Non-monetary consideration: part exchange: payments made by suppliers to retailers under money off coupon schemes or cash-back schemes
Where payments have been made by manufacturers or distributors as a result of operating a money-off coupon or cash back scheme, those payments will reduce their output tax. The manufacturer or dealer will have to demonstrate that the payments have been made to the retailers and consumers in the transaction chain and that the payments relate directly to successfully redeemed coupons following a retail sale of the goods. This follows the ECJ decision in Elida Gibbs (C-317/94).
Elida Gibbs was a manufacturer of toiletries and sold these products to wholesalers and retailers. The appeal concerned two promotions (money-off coupons and cash back) aimed at the final consumer, i.e. the public. Money-off coupons were distributed in various ways e.g. mail shots, printed in newspapers, printed directly on the packaging of Elida’s products etc. In some cases, Elida agreed with a retailer for the retailer to print and distribute coupons. The coupons offered the final consumer a discount on the price paid to the retailer and Elida then reimbursed the retailer. Cash back coupons were printed directly on the packaging of Elida’s products and offered the final consumer a cash refund of part of the purchase price paid. Any consumer who could satisfy the conditions printed on the coupon was able to claim the “cash back” payment direct from Elida.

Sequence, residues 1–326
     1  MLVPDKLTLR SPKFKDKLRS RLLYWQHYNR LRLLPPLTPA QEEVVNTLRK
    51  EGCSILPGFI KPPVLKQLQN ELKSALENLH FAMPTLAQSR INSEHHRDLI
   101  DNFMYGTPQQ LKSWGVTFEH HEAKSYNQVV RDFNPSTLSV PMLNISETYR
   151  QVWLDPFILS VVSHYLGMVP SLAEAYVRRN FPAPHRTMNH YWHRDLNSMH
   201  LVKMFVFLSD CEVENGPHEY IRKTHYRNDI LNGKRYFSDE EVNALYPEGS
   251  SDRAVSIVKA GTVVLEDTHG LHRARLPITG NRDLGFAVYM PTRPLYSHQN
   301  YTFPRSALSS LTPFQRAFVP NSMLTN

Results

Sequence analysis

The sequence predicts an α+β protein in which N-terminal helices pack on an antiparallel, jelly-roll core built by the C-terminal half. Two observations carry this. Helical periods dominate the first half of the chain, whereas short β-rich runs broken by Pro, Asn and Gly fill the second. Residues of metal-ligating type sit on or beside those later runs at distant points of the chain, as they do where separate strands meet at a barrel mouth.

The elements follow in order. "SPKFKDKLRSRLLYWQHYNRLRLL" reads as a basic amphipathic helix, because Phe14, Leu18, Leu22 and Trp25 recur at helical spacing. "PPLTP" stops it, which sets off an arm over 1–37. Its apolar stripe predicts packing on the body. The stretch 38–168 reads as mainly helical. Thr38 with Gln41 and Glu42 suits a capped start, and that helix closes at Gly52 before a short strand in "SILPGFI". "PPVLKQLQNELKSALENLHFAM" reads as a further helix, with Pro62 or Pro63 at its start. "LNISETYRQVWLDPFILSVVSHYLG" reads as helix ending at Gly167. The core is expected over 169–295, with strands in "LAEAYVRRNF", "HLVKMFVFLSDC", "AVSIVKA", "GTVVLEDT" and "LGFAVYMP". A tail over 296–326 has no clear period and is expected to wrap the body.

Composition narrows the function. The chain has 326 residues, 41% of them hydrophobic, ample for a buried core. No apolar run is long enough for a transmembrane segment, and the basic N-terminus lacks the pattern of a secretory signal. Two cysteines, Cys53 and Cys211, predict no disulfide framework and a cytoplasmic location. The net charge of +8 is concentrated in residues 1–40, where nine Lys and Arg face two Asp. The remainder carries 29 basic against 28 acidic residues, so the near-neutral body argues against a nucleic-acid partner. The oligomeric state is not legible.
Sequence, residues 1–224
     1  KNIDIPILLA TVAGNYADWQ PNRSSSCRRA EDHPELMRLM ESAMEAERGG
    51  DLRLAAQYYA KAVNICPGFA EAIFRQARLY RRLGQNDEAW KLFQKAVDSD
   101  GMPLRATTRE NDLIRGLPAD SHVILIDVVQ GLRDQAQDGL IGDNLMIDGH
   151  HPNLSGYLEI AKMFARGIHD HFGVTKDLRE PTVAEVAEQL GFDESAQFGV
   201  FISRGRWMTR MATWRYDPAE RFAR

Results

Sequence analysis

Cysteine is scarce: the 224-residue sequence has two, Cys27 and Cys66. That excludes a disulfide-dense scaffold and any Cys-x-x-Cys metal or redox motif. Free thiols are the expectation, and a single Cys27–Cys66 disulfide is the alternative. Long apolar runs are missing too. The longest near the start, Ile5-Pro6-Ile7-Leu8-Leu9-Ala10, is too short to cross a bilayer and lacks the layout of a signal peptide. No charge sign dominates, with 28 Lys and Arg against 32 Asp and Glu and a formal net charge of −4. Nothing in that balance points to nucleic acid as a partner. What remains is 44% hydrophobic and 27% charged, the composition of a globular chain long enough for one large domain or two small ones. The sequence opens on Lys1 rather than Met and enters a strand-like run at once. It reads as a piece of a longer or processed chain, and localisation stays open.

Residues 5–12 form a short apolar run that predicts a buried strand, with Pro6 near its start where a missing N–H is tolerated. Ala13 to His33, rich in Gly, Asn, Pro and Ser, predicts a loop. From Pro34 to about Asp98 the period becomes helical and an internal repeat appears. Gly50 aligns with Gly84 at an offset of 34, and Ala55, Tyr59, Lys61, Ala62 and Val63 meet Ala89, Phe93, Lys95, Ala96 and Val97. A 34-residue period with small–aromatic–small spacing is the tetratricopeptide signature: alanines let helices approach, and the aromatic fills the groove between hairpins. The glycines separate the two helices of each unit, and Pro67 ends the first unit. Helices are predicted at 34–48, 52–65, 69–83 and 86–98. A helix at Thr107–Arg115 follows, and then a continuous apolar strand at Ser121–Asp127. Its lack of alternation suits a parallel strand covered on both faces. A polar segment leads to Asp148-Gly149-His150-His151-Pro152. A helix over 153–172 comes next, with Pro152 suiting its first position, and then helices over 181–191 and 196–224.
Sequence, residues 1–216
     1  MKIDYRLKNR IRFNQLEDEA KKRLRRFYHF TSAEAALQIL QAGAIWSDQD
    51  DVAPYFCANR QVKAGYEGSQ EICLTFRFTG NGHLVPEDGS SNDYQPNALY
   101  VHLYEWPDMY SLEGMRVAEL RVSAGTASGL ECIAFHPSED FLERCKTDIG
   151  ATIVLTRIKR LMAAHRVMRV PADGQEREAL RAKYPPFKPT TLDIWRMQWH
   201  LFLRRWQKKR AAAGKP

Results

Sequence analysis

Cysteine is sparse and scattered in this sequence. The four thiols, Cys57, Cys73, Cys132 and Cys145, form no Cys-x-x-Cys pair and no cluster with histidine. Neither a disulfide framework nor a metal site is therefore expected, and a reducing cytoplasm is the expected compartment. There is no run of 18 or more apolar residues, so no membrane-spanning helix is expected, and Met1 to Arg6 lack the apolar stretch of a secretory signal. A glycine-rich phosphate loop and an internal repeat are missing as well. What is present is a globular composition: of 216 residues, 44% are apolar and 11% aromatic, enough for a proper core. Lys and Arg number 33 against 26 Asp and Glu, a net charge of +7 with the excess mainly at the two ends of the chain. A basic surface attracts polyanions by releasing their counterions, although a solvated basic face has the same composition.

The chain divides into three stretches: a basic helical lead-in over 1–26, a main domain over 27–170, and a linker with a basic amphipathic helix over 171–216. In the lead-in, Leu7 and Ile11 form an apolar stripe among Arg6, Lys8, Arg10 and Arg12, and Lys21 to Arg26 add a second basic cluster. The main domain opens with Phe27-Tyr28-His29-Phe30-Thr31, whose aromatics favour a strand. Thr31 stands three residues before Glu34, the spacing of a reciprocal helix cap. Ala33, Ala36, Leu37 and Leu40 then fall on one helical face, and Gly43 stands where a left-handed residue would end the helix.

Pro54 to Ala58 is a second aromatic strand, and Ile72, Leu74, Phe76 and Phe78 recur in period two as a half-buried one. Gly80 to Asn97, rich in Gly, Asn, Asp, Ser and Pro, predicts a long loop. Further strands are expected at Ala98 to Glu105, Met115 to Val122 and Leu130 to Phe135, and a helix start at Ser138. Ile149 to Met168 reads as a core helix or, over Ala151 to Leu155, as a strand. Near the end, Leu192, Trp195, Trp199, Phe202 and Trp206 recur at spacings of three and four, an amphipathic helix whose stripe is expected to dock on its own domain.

The ECJ found in favour of Elida that both cash back payments to consumers and reimbursements to retailers allowed Elida to reduce the taxable amount of its supplies. In reaching this conclusion the Court considered the principle that VAT is a tax on the final consumer and the amount of VAT ultimately collected by a tax authority should not exceed the amount paid by the final consumer. To ensure the right amount of tax is paid at each stage the Court decided that Elida should not issue credit notes to their immediate customers - the wholesalers and retailers. Retailers must still account for output tax in respect of payments from manufacturers as well as the money paid by customers.